The rain was tolerable, more of a drizzle than anything else. The roads were hillier than yesterday, but not too bad. Until we got to Lochearnhead that is. Heading north out of town
there was a very long gradual hill (rising into the highlands), and there was no shoulder to ride on. About 1/2 way up, we were pulled over by the police who politely told us that we should really not by cycling here (although it is allowed). Just too busy and dangerous on the road. But he told us of an old abandoned rail line that would go in our general direction. Giving directions back into the town we had just climbed out of, we wet off in search of the old train station. Trying to cycle along the 'trail', there was no way we could continue. Deep muddy puddles bogged us down, and large rocks and roots in the way made it very difficult. Our panniers sounded like they were going to rattle right off (which, by the way, another broke last night - same as the last). I've noticed that several 'cycle paths' we've tried are much more difficult to traverse. Fine for an afternoon ride, but not suited for weighted-down touring bikes. So back out and into town we searched for another route. Brian thought he had seen a sign for a cycle path back on the other side of town. A tiny little
road wound up and up past houses which didn't look like it was going anywhere. Plus it was leading in the opposite direction to where we wanted to go. Stopping for a rest and a think, I was going to encourage Brian to try a bit further - we can't expect the paths to run just like the roads - but when I turned around he was gone! Back down the hill I went. Both of us now completely frustrated. What to do? We couldn't go back on the main road, couldn't ride on the train path, couldn't find the other path...I certainly didn't want to head back on only our 2nd day out. Furiously wishing that we'd rented a car after all - at least then we could drive on the roads! This town was too tiny to have a rental outlet. Dead end.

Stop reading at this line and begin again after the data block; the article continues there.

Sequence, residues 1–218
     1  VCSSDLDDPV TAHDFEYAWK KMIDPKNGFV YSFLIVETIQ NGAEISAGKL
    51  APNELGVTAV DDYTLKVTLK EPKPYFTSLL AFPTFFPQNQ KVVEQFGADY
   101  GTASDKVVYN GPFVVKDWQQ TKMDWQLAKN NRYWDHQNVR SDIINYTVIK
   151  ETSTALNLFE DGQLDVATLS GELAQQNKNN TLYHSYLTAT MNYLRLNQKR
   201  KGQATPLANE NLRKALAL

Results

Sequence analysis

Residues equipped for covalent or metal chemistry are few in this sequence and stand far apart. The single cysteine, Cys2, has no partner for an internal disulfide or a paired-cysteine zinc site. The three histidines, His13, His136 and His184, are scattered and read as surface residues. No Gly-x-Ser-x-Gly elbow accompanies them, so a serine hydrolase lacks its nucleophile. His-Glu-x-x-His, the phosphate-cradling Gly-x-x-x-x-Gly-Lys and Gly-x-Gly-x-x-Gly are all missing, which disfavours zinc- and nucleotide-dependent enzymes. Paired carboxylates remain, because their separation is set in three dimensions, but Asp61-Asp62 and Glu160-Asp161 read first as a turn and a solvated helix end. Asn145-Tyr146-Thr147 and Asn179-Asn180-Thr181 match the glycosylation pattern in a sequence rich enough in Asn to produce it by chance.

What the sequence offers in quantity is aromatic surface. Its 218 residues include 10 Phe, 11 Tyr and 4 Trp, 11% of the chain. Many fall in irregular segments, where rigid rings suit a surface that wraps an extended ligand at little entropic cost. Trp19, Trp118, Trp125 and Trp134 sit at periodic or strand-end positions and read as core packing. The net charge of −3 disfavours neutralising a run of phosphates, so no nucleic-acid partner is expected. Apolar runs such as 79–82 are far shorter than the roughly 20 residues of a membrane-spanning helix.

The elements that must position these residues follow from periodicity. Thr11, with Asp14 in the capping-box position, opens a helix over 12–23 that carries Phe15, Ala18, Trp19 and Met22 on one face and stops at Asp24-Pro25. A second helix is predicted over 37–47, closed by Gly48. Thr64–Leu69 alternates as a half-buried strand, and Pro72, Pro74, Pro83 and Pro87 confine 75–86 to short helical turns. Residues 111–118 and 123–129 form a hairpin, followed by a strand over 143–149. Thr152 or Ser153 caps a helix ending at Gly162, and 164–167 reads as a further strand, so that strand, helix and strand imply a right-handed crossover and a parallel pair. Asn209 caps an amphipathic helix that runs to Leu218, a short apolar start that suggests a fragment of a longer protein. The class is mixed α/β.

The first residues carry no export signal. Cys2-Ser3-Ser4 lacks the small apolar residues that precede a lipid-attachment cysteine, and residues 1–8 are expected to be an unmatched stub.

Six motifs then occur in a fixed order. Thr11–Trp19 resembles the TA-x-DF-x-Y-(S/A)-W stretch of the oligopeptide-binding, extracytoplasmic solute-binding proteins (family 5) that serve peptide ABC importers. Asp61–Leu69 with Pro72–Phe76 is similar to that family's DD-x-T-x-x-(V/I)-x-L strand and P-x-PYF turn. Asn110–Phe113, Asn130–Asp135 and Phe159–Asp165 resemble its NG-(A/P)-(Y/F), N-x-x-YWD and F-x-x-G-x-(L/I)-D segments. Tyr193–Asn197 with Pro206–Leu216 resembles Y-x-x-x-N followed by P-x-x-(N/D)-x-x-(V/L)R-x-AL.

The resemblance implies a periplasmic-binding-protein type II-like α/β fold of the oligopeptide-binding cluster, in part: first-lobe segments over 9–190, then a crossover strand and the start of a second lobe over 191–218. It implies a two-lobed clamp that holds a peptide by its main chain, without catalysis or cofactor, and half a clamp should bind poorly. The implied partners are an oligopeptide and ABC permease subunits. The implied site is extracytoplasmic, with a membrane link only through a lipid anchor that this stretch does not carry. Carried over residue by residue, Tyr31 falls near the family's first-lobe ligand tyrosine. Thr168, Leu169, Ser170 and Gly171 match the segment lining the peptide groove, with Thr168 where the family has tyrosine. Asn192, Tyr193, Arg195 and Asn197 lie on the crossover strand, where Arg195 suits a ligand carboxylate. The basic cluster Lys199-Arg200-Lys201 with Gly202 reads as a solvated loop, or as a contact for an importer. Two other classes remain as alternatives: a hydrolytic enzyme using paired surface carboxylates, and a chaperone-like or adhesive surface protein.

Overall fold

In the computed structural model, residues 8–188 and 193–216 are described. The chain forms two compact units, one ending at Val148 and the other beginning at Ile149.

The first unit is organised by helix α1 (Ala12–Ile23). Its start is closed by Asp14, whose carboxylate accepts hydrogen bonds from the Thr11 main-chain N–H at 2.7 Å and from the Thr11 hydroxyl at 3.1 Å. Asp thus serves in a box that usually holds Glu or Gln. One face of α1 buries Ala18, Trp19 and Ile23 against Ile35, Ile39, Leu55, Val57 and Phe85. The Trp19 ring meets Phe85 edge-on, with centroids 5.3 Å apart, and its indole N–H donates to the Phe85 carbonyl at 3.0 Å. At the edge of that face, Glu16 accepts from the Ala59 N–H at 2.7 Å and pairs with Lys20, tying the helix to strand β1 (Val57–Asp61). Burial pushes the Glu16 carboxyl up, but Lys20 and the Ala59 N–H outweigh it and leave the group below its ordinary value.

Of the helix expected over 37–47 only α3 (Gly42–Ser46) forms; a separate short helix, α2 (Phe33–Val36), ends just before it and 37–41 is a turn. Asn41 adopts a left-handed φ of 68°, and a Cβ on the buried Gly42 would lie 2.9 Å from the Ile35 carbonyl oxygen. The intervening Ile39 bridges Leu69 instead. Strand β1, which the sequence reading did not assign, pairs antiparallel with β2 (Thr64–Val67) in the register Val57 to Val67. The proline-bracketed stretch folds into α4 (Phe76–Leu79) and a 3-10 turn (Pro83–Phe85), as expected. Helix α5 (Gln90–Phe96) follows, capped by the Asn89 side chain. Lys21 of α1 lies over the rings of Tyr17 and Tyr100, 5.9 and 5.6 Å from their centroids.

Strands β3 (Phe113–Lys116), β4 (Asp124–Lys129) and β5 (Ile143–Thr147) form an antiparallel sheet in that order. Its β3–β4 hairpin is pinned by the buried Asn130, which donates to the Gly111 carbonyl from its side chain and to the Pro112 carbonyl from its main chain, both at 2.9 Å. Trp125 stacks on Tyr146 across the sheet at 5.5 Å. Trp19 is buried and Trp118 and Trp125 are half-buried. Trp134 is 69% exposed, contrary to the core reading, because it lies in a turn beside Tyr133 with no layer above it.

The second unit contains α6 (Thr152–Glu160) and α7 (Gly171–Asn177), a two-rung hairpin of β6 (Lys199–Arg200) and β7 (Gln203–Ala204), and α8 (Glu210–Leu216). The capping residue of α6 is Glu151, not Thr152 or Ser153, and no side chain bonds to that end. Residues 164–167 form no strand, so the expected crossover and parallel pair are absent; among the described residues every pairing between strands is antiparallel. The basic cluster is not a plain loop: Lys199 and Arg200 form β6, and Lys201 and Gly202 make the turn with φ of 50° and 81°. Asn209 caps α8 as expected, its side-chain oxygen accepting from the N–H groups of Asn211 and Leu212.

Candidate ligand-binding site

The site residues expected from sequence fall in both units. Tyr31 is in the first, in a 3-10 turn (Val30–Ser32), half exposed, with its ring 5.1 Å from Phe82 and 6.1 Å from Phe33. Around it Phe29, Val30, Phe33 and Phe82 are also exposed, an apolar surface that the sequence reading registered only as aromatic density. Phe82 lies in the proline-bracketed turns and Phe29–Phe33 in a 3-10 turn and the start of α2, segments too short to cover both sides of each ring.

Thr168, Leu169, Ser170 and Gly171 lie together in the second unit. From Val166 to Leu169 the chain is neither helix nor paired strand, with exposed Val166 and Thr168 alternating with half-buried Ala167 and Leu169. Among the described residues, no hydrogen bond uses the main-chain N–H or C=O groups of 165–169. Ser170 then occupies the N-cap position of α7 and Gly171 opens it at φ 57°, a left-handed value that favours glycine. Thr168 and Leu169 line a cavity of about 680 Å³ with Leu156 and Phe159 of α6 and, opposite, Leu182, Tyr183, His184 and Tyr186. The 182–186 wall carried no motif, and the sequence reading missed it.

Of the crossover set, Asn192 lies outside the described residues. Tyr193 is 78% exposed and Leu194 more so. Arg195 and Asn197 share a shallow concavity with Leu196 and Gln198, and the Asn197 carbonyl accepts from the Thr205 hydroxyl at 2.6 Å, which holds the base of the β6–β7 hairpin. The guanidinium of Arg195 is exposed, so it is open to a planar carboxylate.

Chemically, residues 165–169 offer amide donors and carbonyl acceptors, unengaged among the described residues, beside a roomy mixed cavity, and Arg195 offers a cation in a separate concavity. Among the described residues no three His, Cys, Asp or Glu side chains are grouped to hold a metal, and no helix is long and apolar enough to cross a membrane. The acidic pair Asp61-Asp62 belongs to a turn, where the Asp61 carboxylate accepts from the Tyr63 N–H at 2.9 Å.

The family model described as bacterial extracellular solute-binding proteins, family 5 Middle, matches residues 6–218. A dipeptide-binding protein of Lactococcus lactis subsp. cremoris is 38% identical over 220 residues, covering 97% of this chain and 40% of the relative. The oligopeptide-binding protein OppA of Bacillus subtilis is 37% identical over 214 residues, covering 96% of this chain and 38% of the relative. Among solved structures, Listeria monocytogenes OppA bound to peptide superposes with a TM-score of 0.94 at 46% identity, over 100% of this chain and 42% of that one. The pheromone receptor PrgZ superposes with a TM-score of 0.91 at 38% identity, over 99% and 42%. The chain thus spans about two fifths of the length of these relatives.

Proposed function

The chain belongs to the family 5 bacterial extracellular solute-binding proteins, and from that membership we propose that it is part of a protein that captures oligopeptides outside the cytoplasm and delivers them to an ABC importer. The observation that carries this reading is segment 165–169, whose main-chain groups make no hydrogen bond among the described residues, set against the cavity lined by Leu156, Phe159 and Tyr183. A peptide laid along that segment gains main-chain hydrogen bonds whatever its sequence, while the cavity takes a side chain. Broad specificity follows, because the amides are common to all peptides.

Heading back into the town, I thought we could perhaps go to the Police Station and get
some other directions or advice. But first I stopped into a little shop to see if there were any ordnance maps that might give us a clue as to where to go - none helped (of course). Buying some food so the grumpiness didn't grow, I had a little talk with the shop owner. He assured me that the 2nd road we had taken was the right one to get us up to the cycle path. So back we went. And sure enough, the entrance to the path was barely 100m from where I had intended to encourage Brian to press on. Only about an hour and a half wasted...
But the path proved difficult to get to. The little road was only the start of the climb. Several saw backs awaited us. Unfortunately for me, I had difficulty with my gears right at the start and landed on a rock bruising my outer thigh. Legs too shaky and me too shaken up, I couldn't ride for awhile. Pushing my bike up the saw back was the only option (Brian was long gone as he hadn't heard by cry when I fell). At least at the top, the rail line was well packed and fairly level, so I could ride again without too much difficulty. Luckily, the route was quite beautiful as we rose and rose watching the road from high above. With great expanses of land still rising above us, waterfalls tumbled down every few feet or so.
When we finally intersected with the road again, we were lucky that it wasn't too busy.
I thought my leg was doing well until we stopped for a break and it began to cramp as soon as I got off the bike. We didn't have a lot further to go, but I walked the bike since I felt wobbly and the traffic was busy again. We arrived at a REAL campground that night - with showers and everything ;) A sunny dry evening, Brian went on a quest for some liquid cheer and we relaxed. The only thing to interrupt us were some annoying little sheep ticks. These seemed to like Brian quite a bit, and disgusted him completely! At least I got to laugh and laugh as he thourally inspected his legs every minute or so.
Awoke to the sound of raindrops hitting the tent. The best sound to wake up to! (For those of you who may not know, that is sarcasm). Time to pack up our damp, dripping, slug-infested gear. Oh yay.